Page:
The Policy Funnel – a way to sharpen up our advocacy?
We had an interesting blue sky session last week on the nature of campaigning, and looked at the ‘Policy Funnel’, an idea developed by Nick Mabey and Anita Neville at E3G. The funnel tries to capture the dynamics of public policy formulation, whereby a generalised public concern turns into a debate, then particular policy proposals and finally a specific text or other kind of agreement.
Outside players (NGOs, businesses, academics etc) can influence at any stage, but they need to adapt their tactics and communications according to whereabouts in the funnel a given issue has reached.
For NGOs like Oxfam, when a new idea is still in the general public debate stage, we can use our presence in developing countries to bear witness to the human impact (of food prices, climate change, user fees or whatever) and our media skills to make sure that message reaches a lot of people. A typical example would be the ‘climate change is about people, not just polar bears’ approach in the early stages of the current climate talks (see pic).
Once things start to funnel down into particular decision processes, we shift gear into advocacy mode, building coalitions of allies, targeting blockers, winning over waverers. It’s also important to find ways to express our concerns in ways that fit with the particular process – e.g. the UNFCCC agenda on climate, the Doha round on trade, or the G8 or G20 on aid and development. ‘Stop the world and start again’ is unlikely to get much traction, whereas ‘change the agreement on agriculture by adding this paragraph to allow governments to protect small farmers’ is more likely to get a hearing.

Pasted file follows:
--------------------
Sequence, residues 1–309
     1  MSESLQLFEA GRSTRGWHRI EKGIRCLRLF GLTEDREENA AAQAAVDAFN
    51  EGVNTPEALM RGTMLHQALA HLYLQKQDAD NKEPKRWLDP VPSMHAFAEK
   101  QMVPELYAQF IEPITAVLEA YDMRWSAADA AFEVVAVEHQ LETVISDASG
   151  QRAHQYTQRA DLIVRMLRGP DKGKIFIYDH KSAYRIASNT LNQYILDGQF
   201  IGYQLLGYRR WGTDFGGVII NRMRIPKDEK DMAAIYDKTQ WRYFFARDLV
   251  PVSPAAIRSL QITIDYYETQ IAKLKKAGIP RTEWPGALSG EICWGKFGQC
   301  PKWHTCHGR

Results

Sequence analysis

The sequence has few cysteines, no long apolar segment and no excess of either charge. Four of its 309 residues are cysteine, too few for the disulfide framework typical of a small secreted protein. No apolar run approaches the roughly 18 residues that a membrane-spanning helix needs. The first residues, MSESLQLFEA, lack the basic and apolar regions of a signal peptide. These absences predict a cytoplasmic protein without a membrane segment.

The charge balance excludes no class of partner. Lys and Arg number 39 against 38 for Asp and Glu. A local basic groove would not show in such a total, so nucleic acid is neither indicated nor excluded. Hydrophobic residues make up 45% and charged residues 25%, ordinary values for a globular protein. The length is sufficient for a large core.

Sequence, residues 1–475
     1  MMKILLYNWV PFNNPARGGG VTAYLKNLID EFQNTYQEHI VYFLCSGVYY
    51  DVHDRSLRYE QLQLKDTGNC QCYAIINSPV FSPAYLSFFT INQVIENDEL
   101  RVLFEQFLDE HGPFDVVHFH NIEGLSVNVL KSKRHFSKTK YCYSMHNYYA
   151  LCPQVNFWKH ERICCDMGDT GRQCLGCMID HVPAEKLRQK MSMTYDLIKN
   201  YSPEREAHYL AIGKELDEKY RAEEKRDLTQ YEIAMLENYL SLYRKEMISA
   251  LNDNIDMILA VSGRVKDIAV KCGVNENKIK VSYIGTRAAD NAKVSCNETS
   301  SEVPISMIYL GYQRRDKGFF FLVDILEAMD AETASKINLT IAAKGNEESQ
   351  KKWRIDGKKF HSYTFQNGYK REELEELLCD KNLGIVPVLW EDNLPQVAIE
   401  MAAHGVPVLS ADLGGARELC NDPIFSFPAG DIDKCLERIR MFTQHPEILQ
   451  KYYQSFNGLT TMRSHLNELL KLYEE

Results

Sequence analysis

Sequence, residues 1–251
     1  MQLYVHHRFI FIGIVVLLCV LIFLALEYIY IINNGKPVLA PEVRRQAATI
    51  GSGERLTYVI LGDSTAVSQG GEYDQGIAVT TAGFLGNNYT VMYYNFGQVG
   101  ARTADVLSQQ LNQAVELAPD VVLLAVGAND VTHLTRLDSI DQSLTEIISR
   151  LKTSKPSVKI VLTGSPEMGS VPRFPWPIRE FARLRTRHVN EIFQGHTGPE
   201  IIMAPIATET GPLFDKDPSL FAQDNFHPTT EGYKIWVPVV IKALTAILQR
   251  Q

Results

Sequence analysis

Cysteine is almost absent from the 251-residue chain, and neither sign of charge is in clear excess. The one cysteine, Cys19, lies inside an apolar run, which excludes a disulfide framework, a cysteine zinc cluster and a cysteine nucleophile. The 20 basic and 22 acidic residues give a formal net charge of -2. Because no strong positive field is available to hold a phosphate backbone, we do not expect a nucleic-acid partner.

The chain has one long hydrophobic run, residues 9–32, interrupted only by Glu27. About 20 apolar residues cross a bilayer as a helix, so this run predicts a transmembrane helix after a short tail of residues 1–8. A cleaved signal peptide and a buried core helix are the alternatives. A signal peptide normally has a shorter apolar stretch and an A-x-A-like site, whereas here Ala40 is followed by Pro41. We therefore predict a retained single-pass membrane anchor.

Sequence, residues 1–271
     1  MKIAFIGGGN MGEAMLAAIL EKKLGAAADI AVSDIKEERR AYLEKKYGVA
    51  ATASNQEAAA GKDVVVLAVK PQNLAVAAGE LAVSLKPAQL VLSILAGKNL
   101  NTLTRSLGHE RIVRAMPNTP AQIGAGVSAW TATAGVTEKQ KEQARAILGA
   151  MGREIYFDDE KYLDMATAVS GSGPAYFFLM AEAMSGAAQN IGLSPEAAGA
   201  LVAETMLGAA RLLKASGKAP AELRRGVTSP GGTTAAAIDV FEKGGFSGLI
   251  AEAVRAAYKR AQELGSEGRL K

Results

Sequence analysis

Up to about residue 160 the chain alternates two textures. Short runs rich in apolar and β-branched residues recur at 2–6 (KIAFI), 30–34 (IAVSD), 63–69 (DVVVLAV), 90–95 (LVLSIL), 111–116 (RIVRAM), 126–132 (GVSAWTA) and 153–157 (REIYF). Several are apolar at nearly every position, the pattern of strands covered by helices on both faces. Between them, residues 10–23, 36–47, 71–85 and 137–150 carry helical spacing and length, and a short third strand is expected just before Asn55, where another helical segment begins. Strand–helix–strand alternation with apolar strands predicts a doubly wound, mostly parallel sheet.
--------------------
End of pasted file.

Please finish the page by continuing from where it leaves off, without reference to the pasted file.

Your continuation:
Once the negotiations are well advanced, that moment for initial framing disappears, and it’s about pushing particular text (e.g. more money, or a particular minor change of language). That means working closely with allies inside the room, but also using an outsider strategy with media and public to push good solutions and prevent backsliding.
I’d be interested in reactions to this model – I found it helpful but it doesn’t entirely describe how we work, in that we are often acting simultaneously at several points in the funnel – e.g. on climate change we are simultaneously bearing witness to human impact and arguing over details in the text. So maybe the funnel is conceptual rather than chronological.
It also doesn’t capture the importance of opportunism – spotting and reacting to windows of opportunity, eg picking up the Robin Hood Tax in response to the European and American fiscal crises.